Kentucky lawmakers pass bill to fund full-day kindergarten
FRANKFORT, Ky. (AP) — Kentucky lawmakers passed last-minute spending plans Tuesday to pump money into full-day kindergarten and school construction and to pay off unemployment insurance debts as big-ticket budget items won broad support on the final day of this year’s legislative session.
Another spending measure that cleared the Republican-dominated legislature would allocate hundreds of millions in federal pandemic relief money for water and wastewater projects.
It capped a remarkable one-day spending spree that topped $1 billion as lawmakers dipped into federal and state funds for a bevy of projects that included shared priorities between Democratic Gov. Andy Beshear and Republican lawmakers. The last spending measure won final passage in the final hour before the midnight deadline for the session to end.
Rep. Joni Jenkins, the top-ranking House Democrat, referred to the last-day spending as “breathtaking,” coming after “months and months of hearing about an austere budget.”
“I do think it’s a great time for us to invest in our commonwealth,” she said.
State government in Kentucky is expected to eventually receive about $2.4 billion from the pandemic aid package championed by President Joe Biden and passed by the congressional Democrats, including the state’s lone Democratic congressman, John Yarmuth.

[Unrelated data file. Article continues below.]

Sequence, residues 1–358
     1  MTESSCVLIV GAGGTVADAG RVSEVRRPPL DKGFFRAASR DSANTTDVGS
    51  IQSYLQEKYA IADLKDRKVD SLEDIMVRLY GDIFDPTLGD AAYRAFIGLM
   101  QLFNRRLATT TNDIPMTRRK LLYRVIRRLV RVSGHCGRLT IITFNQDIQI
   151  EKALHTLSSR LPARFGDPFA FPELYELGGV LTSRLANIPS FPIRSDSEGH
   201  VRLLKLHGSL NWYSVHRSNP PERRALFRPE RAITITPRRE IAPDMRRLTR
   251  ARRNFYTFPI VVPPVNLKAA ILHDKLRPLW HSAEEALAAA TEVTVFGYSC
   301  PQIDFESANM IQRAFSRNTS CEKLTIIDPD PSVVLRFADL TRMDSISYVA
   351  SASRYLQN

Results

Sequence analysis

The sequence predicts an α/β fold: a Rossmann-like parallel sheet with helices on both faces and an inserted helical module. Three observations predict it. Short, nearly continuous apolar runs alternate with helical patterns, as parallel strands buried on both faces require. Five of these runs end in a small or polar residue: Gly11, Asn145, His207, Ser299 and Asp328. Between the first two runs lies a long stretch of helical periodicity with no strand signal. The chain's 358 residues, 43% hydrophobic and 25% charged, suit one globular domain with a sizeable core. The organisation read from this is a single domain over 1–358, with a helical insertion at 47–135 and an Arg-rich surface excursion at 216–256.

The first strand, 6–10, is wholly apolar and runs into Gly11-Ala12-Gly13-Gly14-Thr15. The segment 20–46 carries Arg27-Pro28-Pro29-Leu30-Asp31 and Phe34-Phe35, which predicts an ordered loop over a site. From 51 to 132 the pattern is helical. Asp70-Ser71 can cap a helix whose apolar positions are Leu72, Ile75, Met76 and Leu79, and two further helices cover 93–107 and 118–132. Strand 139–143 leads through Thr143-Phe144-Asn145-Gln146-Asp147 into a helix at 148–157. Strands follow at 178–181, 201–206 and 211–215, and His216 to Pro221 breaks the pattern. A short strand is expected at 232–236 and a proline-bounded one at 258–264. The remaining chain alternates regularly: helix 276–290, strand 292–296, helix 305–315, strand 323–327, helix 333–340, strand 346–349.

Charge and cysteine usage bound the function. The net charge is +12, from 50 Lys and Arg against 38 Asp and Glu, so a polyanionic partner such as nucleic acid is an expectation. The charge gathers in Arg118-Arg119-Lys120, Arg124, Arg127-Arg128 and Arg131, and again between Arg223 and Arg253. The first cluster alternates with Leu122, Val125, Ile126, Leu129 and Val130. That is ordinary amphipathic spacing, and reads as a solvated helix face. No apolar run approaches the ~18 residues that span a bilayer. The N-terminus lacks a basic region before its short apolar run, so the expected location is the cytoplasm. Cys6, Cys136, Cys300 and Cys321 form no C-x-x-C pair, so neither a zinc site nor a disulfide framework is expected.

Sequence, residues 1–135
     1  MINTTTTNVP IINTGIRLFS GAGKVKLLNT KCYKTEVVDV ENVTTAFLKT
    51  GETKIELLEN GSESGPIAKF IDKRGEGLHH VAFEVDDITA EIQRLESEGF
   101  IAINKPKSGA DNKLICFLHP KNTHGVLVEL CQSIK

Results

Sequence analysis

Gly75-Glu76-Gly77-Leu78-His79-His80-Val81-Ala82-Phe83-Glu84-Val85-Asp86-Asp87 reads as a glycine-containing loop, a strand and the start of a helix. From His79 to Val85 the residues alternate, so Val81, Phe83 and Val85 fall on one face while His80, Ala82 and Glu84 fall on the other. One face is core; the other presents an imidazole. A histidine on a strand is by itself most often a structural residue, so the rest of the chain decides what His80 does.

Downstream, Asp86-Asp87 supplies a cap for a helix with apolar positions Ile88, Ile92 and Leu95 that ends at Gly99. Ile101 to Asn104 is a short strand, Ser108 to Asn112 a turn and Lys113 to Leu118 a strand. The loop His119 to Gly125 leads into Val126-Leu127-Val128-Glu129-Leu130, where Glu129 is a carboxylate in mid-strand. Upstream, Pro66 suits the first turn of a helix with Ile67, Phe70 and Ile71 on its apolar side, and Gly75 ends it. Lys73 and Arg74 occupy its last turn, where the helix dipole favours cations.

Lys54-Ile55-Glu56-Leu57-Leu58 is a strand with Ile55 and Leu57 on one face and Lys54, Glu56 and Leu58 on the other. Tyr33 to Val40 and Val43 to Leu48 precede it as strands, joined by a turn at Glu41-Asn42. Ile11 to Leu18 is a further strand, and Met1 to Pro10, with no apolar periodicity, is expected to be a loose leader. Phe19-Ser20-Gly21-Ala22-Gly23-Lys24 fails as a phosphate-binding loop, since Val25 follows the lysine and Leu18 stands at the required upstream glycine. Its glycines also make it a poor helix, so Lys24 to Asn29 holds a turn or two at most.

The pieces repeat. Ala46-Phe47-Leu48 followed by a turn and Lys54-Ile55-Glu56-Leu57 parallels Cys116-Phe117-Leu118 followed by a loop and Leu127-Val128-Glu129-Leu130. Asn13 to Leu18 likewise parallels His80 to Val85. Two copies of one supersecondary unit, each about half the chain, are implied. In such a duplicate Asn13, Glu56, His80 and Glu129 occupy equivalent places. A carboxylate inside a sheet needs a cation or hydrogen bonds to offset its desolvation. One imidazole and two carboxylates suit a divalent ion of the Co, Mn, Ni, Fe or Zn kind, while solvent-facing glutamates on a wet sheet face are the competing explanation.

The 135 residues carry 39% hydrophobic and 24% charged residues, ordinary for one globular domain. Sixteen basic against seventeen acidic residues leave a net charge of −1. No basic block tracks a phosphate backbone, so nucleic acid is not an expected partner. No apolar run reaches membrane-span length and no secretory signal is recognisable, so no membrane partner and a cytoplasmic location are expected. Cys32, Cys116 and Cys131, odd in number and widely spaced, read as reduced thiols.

One proposal winning final legislative passage contained $140 million in state funds to support full-day kindergarten. The measure cleared the state Senate on a 36-1 vote soon after it surfaced in a committee. The House later voted 90-3 to send the measure to the governor.
Kentucky’s school districts now get state funding for half-day kindergarten, with districts using local taxpayer money to pay for full-day services.
That spending plan included Beshear’s proposal to use $575 million in federal pandemic aid to repay a federal loan that kept the state’s unemployment insurance program afloat. The program faced an unprecedented surge in jobless claims last year due to COVID-19.
The bill also added another $50 million in federal money for broadband projects. Lawmakers already had allocated $250 million of federal aid to extend broadband service to underserved areas of Kentucky. Beshear also supported spending on broadband.
The Senate gave final approval Tuesday night to another bill that would allocate $250 million in federal pandemic aid for a water and wastewater grant program in Kentucky. Beshear also advocated using some of the federal money for such infrastructure work.
Another proposal, also tapping into federal money, included $127 million for school construction and renovations and more than $50 million for interior renovations at the state Capitol. The measure won final passage late Tuesday.
Beshear and legislative leaders spent weeks trying to hash out a plan to spend at least part of the federal aid before the session ends.